Slinkachu: Concrete Ocean

Slinkachu: Concrete Ocean

stranger danger by slinkachu


Stranger Danger, 2011

dying embers by slinkachu


Dying Embers, 2011

riot by slinkachu


Riot, 2011

one day son by slinkachu


One Day Son, 2011

sugar high by slinkachu


Sugar High, 2011

displeasure beach by slinkachu


Displeasure Beach, 2011

Thursday, March 3, 2011Saturday, April 2, 2011

London, United Kingdom

Andipa Contemporary is delighted to announce a new solo exhibition CONCRETE OCEAN by renowned urban artist Slinkachu.

“…some twelve billion years ago the gods created the universe, including the [...] dinosaurs and such like, but after a while found these huge creatures rather tedious [...] Turning from gigantism to miniaturism, the gods then created little creatures on earth, including humans...” Shapiro & Bennett, The Politics of Moralizing, 2002.

In turn, Slinkachu, the arch miniaturist, has placed his 1:87 scale installations in a city that is, from the perspective of the Little People, a Concrete Ocean. Or is it also a concrete ocean from our perspective? We city-dwellers often feel that sense of being overwhelmed by the urban environment, we empathise with the vulnerability of the Little People – not least as they are abandoned by their maker either to be trodden underfoot by a careless passer-by or to startle a less careless one.

We laugh at their barely significant perspective on life, their diminutive world view and sharply reflect that perhaps ours is equally narrow and our lives are just as insignificant. Teetering on the edge of the metaphysical abyss, the dry, ironic wit draws us back to laughter. After all, a proud podgy man on a tennis ball in a puddle as big as a lake, who really thinks he is a god as he surveys the view and his pretty wife does not know that he has been entitled The Last Resort.

Looking at these photographically recorded installations one has the impression of zooming in and zooming out. One feels close to the situation and distanced from it.

For the first time, Slinkachu has seemingly reversed his usual process: he has seemingly uprooted paving stones and parts of pavements and brought them into the gallery. The figures stick to these urban islands, oblivious that the boundaries of their world are so limited. Oblivious that they will float forever on the concrete ocean that is their (and our) home.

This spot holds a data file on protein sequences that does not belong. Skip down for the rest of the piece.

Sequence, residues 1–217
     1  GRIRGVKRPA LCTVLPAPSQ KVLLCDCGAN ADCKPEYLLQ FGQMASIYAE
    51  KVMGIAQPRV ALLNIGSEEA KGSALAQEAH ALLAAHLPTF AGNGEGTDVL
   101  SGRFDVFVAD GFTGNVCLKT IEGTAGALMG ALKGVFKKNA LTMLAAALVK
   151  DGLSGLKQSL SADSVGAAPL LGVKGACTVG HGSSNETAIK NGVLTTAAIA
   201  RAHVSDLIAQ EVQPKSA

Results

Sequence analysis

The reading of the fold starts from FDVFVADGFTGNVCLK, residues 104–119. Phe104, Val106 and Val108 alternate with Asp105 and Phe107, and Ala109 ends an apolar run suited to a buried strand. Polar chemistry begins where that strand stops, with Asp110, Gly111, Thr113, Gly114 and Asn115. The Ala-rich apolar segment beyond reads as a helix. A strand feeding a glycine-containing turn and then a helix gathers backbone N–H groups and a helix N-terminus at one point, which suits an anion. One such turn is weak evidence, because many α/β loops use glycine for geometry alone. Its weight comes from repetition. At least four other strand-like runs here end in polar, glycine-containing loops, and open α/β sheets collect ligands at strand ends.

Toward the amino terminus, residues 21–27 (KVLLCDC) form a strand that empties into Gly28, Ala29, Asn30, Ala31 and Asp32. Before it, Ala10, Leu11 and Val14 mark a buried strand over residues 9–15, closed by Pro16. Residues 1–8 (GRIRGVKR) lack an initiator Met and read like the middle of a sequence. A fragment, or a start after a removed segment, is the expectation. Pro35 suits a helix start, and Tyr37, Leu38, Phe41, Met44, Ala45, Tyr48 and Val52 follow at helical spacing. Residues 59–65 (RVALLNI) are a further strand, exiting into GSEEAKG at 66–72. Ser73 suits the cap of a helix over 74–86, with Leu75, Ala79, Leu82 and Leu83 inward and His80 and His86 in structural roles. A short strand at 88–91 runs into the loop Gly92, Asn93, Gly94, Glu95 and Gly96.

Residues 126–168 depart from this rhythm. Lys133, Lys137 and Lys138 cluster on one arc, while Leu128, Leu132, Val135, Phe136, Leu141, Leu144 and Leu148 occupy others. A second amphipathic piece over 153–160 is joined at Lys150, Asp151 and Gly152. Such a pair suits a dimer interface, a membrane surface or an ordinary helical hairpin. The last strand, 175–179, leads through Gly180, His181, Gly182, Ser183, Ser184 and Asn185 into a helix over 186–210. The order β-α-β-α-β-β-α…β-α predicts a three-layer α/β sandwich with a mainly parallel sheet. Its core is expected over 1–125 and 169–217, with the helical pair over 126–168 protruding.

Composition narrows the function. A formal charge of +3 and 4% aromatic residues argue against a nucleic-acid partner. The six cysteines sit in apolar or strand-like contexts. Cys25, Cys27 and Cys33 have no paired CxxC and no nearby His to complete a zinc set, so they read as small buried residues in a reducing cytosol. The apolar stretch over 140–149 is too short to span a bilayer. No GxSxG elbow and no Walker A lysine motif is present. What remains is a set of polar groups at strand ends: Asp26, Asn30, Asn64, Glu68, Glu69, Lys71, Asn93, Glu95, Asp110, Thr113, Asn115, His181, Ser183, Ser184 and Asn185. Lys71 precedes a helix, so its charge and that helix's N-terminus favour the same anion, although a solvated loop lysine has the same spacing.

Concrete Ocean is the second solo exhibition of Slinkachu’s work to be shown at Andipa Gallery and follows Whatever Happened to the Men of Tomorrow (2009), which focused on the relationship between an old, bald, Superman rejected by the city which once lauded him.

Andipa Gallery has been publishing Slinkachu’s work and representing the artist since 2008.

The Concrete Ocean limited edition prints and installations will be released shortly before 2 March 2011.

For further press information and images please contact Rosa Attwood by email at or by telephone +44 (0)20 7589 2371.

Notes to Editors
Named as one of the leading figures in urban art by Patrick Nguyen and Stuart Mackenzie in Beyond the Street (2010), Slinkachu’s works in Concrete Ocean affirm his position and follow the artist’s internationally acclaimed Little People Project in 2008 and his first publication Little People in the City. The street art of Slinkachu, published by Boxtree (Pan MacMillan) (2009), with a foreword by author Will Self.

His participation in Tunnel-228 underneath Waterloo Station produced by Punchdrunk and actor and Old Vic Artistic Director Kevin Spacey in 2009 preceded a highly successful exhibition Extraordinary Measures at Belsay Hall, Northumberland where he showed alongside Ron Mueck, Matt Collishaw and Mariele Neudecker during the summer of 2010, a show in which the artist took a humorous look "at the obsession we have with the day trip, that English hobby which often provokes the full range of emotions" and saw a record breaking 55,000 visitors. Recently his second publication, Big Bad City, was launched in Amsterdam by Lebowski Publishers in September 2010.